International Law and the End of Child Marriage: A Case Study of Nigeria

Enweonwu, Emmanuela (2024) International Law and the End of Child Marriage: A Case Study of Nigeria. Doctoral thesis, Birmingham City University.

Emmanuela Enweonwu PhD Thesis published_Final version_Submitted Mar 2022_Final Award Apr 2024 (1).pdf - Accepted Version

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Child marriage is defined as the union between a child under the age of 18 and an adult or another child and remains a prevalent issue globally, with significant implications for the well-being of affected individuals. UNFPA-UNICEF statistics reveal that 650 million girls and women have experienced marriage as minors worldwide. In Nigeria, recent data from 2019 shows worrying figures, indicating that 44 percent of girls and women aged 20 to 24 are married before reaching 18, with 18 percent marrying before 15. Child brides face overwhelming challenges, including limited economic and educational opportunities, heightened risks of domestic violence, maternal mortality, birth complications, and sexually transmitted infections.

This thesis undertakes a wholistic and broad analysis of the legal landscape surrounding child marriage in Nigeria, with particular focus on its placement within the constitutional framework. Remarkably, the issue of child marriage is placed under the 'residual list of the Nigerian Constitution thereby placing it within the jurisdiction of the States' Houses of Assembly. Consequently, the Child Rights Act of 2003, aimed at addressing child marriage, requires individual state-level domestication, leading to inconsistencies across the federation. This poses a significant obstacle, as nine states are yet to domesticate the Act, enabling child marriage, particularly in regions governed by religion-based personal laws.

Furthermore, this research analyses Nigeria's engagement with international mechanisms, such as the African Union and the United Nations, to fulfil its obligations in fighting child marriage. Through a critical analysis, this thesis argues that Nigeria falls short of meeting the international legal standards in addressing this issue. This research also argues that Nigeria can draw lessons from the regional and international framework to achieve its goal of ending child marriage.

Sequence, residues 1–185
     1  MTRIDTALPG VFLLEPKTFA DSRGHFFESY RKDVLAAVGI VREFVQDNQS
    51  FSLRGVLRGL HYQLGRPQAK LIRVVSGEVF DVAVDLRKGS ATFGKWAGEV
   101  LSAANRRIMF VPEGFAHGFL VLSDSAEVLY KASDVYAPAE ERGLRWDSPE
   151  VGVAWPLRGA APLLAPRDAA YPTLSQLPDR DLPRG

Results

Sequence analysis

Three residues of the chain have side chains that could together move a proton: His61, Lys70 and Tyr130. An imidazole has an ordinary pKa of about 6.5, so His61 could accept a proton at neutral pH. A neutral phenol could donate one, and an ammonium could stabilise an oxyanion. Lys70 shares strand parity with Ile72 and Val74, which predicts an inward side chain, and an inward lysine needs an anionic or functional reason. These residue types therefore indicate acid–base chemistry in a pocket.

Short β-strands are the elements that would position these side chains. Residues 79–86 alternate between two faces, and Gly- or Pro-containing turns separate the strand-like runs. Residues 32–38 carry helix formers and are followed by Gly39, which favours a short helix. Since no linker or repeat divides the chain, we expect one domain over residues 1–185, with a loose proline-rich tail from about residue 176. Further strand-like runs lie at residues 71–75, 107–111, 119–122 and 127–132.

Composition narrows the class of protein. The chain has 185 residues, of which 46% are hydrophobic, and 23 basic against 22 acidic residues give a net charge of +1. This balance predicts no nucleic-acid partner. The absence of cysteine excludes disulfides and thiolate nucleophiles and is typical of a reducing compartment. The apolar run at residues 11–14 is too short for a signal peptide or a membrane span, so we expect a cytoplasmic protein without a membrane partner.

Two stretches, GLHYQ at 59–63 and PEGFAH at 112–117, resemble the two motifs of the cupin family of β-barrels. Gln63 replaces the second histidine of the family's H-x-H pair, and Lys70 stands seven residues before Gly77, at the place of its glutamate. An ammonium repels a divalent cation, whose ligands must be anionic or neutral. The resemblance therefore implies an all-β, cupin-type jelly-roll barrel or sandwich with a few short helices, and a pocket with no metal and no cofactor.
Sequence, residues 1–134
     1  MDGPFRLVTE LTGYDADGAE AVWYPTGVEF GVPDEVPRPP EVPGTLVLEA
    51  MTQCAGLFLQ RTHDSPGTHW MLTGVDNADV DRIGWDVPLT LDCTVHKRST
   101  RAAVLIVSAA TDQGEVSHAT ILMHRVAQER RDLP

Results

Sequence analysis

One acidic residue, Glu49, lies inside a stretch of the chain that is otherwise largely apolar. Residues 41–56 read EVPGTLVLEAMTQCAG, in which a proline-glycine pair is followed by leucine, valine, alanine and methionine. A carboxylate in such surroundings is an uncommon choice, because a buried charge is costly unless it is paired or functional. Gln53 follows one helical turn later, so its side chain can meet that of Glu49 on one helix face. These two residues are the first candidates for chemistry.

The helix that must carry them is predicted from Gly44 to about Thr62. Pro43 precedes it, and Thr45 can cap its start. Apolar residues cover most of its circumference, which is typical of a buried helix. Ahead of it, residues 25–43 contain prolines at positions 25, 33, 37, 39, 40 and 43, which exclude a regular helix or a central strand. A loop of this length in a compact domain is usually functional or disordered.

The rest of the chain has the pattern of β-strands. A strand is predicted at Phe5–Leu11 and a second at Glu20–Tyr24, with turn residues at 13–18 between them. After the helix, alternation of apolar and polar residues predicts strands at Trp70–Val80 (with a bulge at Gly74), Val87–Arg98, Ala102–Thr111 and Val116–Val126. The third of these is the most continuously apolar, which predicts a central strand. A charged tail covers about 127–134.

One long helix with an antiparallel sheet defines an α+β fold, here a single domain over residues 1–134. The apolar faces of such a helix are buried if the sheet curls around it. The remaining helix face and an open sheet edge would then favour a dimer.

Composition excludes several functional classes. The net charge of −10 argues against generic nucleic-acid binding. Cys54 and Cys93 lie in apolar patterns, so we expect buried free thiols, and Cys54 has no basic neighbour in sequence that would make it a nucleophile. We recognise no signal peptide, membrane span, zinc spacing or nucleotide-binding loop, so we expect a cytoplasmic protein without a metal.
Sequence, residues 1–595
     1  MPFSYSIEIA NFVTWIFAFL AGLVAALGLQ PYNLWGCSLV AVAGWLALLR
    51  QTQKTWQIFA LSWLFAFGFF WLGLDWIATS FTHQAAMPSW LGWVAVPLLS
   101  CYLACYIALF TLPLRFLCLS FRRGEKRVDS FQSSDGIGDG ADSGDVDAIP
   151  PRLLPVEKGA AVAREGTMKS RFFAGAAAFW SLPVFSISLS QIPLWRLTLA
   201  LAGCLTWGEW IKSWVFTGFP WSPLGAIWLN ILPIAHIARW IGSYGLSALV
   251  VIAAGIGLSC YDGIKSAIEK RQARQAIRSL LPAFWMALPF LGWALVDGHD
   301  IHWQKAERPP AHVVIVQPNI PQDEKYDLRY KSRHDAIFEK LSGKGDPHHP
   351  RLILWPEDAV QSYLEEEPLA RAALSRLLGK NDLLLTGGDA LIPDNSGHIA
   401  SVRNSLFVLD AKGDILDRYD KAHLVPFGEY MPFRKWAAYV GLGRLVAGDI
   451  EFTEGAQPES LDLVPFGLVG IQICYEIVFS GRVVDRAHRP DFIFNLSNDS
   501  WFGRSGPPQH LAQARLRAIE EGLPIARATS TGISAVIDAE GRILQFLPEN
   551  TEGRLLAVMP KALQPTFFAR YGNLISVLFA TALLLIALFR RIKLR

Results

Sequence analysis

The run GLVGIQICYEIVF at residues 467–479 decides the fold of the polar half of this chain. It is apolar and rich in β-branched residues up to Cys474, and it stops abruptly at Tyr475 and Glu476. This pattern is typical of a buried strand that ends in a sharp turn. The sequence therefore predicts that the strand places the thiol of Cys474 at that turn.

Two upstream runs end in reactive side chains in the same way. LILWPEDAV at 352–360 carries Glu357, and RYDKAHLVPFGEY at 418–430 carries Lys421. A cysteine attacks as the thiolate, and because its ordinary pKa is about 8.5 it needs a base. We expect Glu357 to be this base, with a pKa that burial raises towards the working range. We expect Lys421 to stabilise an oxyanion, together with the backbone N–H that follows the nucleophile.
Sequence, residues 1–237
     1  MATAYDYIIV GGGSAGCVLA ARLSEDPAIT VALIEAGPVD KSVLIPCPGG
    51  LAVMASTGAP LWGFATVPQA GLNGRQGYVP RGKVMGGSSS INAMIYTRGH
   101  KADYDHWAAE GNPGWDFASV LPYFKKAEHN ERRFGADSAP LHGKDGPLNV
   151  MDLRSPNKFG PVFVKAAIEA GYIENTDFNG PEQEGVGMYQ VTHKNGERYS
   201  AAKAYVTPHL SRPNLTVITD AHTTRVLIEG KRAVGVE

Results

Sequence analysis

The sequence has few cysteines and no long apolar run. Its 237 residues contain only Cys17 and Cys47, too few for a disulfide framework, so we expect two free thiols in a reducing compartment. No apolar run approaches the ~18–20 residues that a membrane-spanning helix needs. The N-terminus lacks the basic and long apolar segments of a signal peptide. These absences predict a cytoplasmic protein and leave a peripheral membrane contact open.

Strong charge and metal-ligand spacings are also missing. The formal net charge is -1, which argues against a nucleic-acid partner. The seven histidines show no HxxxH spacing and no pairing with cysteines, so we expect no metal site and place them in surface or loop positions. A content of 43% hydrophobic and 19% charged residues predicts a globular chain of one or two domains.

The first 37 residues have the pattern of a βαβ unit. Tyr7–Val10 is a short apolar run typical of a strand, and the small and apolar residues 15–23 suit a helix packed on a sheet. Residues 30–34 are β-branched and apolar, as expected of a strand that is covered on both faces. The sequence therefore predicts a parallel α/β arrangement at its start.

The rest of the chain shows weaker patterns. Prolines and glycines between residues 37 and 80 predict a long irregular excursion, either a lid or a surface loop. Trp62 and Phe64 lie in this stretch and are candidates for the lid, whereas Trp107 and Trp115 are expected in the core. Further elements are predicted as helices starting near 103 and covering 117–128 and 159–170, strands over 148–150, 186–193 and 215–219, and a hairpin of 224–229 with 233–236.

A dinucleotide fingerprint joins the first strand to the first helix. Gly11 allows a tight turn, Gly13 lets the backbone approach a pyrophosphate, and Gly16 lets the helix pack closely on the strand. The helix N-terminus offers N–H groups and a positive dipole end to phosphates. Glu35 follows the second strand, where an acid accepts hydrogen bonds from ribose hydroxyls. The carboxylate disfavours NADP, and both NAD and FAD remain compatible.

Adopting a dual methodological approach, the research engages with both doctrinal and non-doctrinal methods. The doctrinal method analyses written domestic and international legal frameworks, while the non-doctrinal method will be used to analyse the intersection between law and society. Using this approach, this research recognizes the multifaceted nature of law's influence and acknowledges the socio-economic, cultural, and political factors shaping legal norms and practices, and vice versa.

In its argument for the eradication of child marriage, this research advocates for constitutional review and amendment, activation and implementation of international laws and instruments on child marriage and strengthening of institutions in Nigeria to better equip them to implement and enforce laws against child marriage at the national and state levels.

Finally, the thesis concludes by offering practical recommendations to enhance Nigeria's efforts in safeguarding the rights and well-being of girls exposed to the dangers of child marriage.

Item Type: Thesis (Doctoral)
1 March 2022Submitted
1 March 2024Accepted
Uncontrolled Keywords: Child Marriage, Child Rights Act, Nigeria, Religion, Constitutional Amendment
Subjects: CAH16 - law > CAH16-01 - law > CAH16-01-01 - law
Divisions: Doctoral Research College > Doctoral Theses Collection
Faculty of Business, Law and Social Sciences
Depositing User: Jaycie Carter
Date Deposited: 08 May 2024 13:44
Last Modified: 08 May 2024 13:44

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